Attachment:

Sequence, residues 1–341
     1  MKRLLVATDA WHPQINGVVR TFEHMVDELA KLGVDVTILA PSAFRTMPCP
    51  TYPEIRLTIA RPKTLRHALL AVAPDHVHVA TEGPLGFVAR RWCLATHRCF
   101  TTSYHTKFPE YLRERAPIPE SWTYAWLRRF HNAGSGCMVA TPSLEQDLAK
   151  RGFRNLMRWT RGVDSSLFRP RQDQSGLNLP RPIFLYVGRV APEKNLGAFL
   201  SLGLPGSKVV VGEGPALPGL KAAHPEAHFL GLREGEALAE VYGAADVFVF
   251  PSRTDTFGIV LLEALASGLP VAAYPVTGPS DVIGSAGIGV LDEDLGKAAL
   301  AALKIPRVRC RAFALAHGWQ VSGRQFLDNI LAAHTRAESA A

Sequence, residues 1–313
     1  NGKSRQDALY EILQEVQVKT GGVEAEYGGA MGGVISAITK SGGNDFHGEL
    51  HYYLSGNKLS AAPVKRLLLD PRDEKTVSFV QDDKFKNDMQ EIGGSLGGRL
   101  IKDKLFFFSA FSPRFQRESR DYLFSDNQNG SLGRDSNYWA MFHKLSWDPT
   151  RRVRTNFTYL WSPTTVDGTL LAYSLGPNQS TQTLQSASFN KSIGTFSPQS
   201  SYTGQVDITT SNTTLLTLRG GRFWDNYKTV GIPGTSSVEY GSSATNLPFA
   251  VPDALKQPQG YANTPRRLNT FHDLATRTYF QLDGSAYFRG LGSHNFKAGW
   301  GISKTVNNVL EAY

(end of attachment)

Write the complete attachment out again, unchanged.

Sequence, residues 1–341
     1  MKRLLVATDA WHPQINGVVR TFEHMVDELA KLGVDVTILA PSAFRTMPCP
    51  TYPEIRLTIA RPKTLRHALL AVAPDHVHVA TEGPLGFVAR RWCLATHRCF
   101  TTSYHTKFPE YLRERAPIPE SWTYAWLRRF HNAGSGCMVA TPSLEQDLAK
   151  RGFRNLMRWT RGVDSSLFRP RQDQSGLNLP RPIFLYVGRV APEKNLGAFL
   201  SLGLPGSKVV VGEGPALPGL KAAHPEAHFL GLREGEALAE VYGAADVFVF
   251  PSRTDTFGIV LLEALASGLP VAAYPVTGPS DVIGSAGIGV LDEDLGKAAL
   301  AALKIPRVRC RAFALAHGWQ VSGRQFLDNI LAAHTRAESA A

Sequence, residues 1–313
     1  NGKSRQDALY EILQEVQVKT GGVEAEYGGA MGGVISAITK SGGNDFHGEL
    51  HYYLSGNKLS AAPVKRLLLD PRDEKTVSFV QDDKFKNDMQ EIGGSLGGRL
   101  IKDKLFFFSA FSPRFQRESR DYLFSDNQNG SLGRDSNYWA MFHKLSWDPT
   151  RRVRTNFTYL WSPTTVDGTL LAYSLGPNQS TQTLQSASFN KSIGTFSPQS
   201  SYTGQVDITT SNTTLLTLRG GRFWDNYKTV GIPGTSSVEY GSSATNLPFA
   251  VPDALKQPQG YANTPRRLNT FHDLATRTYF QLDGSAYFRG LGSHNFKAGW
   301  GISKTVNNVL EAY